Wu-Tang Clan's Mystery Album Hits Sour Note at JFK

RZA of rap band Wu-Tang Clan performs at the Montreux Jazz Festival July 18, 2007. Denis Balibouse/Reuters

Wu-Tang Clan's 1993 breakout album, the sensational Enter the Wu-Tang (36 Chambers), was an invitation (albeit a guarded one) into the slums of Shaolin, the spiritual home of a mythological clan of musical visionaries. Twenty-plus years later, various members of the original group are still creating music, both together and as individuals, and remain as entranced by warriors and the pursuit of wisdom as when they first began creating music together.

The clan's latest work, Once Upon a Time in Shaolin, described as the "final chapter in the Wu-Tang Clan mythos," is shrouded in mystery—because virtually no one has heard it. And virtually no one will for the next 88 years.

The work has been reportedly kept in a secretive vault somewhere in Morocco, and bears a clause stipulating that it cannot be released for commercial purposes until it's almost a century old. But on Friday, the album—protected in an intricate, hand-carved box made with silver and nickel—garnered a bit of publicity after it was taken by customs at JFK Airport while Cilvaringz, a producer for the musicians, was traveling with it and forgot the key to the box.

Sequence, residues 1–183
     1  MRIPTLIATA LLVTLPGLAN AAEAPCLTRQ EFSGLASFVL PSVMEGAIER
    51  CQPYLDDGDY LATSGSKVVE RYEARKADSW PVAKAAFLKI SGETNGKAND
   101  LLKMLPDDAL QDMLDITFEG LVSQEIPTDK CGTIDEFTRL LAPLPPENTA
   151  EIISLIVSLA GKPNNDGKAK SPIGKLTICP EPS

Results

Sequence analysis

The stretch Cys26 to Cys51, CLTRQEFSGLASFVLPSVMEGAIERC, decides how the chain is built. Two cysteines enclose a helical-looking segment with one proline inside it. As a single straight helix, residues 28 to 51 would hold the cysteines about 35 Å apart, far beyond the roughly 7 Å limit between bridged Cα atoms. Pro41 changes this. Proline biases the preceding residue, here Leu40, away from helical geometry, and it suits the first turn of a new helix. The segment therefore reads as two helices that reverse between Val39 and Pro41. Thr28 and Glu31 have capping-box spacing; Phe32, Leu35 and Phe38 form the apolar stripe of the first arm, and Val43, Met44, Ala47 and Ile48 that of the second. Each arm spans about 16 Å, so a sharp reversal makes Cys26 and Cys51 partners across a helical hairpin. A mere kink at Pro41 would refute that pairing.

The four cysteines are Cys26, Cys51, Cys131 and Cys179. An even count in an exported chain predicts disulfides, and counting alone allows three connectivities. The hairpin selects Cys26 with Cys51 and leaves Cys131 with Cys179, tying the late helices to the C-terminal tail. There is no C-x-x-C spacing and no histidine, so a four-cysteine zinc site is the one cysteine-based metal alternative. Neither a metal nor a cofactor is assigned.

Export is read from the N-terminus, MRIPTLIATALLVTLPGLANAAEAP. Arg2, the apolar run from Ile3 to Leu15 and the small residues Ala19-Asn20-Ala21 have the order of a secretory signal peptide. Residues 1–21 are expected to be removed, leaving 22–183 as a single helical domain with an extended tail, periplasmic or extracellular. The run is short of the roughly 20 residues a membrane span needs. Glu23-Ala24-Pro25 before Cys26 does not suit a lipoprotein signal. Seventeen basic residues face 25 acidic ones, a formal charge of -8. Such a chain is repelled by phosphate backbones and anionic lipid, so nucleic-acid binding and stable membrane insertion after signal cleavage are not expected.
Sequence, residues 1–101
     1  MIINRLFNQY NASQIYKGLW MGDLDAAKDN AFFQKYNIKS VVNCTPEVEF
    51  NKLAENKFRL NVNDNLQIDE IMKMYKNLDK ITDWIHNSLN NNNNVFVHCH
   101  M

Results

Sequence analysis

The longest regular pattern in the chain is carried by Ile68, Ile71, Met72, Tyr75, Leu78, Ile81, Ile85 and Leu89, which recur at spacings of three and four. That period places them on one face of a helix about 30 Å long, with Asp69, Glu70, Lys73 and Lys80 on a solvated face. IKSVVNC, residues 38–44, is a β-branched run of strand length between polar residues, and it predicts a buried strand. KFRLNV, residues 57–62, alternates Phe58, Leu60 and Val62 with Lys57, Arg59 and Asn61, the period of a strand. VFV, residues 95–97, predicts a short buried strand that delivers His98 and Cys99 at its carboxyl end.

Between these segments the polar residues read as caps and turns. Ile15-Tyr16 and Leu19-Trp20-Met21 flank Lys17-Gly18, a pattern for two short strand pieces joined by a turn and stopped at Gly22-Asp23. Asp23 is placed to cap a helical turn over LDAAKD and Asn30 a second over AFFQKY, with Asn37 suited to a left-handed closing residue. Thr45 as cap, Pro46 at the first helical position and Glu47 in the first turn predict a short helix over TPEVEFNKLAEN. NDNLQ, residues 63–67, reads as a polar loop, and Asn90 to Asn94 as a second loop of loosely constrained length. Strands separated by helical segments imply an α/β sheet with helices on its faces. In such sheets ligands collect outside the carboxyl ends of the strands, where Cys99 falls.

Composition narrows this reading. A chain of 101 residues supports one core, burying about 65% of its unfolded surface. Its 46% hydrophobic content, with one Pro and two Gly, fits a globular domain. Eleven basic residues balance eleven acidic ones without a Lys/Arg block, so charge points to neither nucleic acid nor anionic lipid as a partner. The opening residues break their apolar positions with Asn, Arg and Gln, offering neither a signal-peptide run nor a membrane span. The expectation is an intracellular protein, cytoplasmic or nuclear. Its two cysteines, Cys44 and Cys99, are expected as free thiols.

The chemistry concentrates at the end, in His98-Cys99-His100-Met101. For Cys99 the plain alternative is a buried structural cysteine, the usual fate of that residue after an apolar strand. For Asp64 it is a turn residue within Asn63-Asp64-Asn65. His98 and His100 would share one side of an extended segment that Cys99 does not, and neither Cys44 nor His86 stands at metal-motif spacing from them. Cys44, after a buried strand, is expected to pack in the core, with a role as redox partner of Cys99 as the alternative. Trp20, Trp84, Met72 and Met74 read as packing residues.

The producer and RZA, a central member of the Wu-Tang Clan, told the story to a select handful of people at a listening event at MoMA PS1 in Queens, New York, last Monday during which the fellows played 13 minutes of the coveted album, ArtNews reports. There, they said that when Cilvaringz arrived at JFK with the album in tow, TSA agents seized the box and held it for over three hours, because they were stupefied by its contents. Page Six reports that before he was let go with the album safely in hand, airport security scanned the box under its "rarely used highest-strength" system.

The work is currently being auctioned off on the site Paddle8 with the clear understanding that whoever becomes the lucky owner can't release the songs for commercial purposes until 88 years have passed. Why 88 years? The Wu-Tang Clan members have long admired numerology, and the significance of the number is partially a nod to the group's original eight members and that number as a symbol of infinity.

"For us it also addresses the issue of music's longevity in a time of mass production and short attention spans," said RZA in an interview via the project's website. "Nothing about this record revolves around short-term gains, but rather around the legacy of the music and the statement we're making."

At the PS1 event, Cilvaringz shared that the piece had been inspired by ancient cultures and the pyramids of Giza. The work is being marketed as a piece of art, not so much an album; the group intends for it to be "the greatest work of art ever devised by man." Hopefuls wanting to unpack the mysteries of the box (and chessboxin'), though, will have to be very patient and long-lived.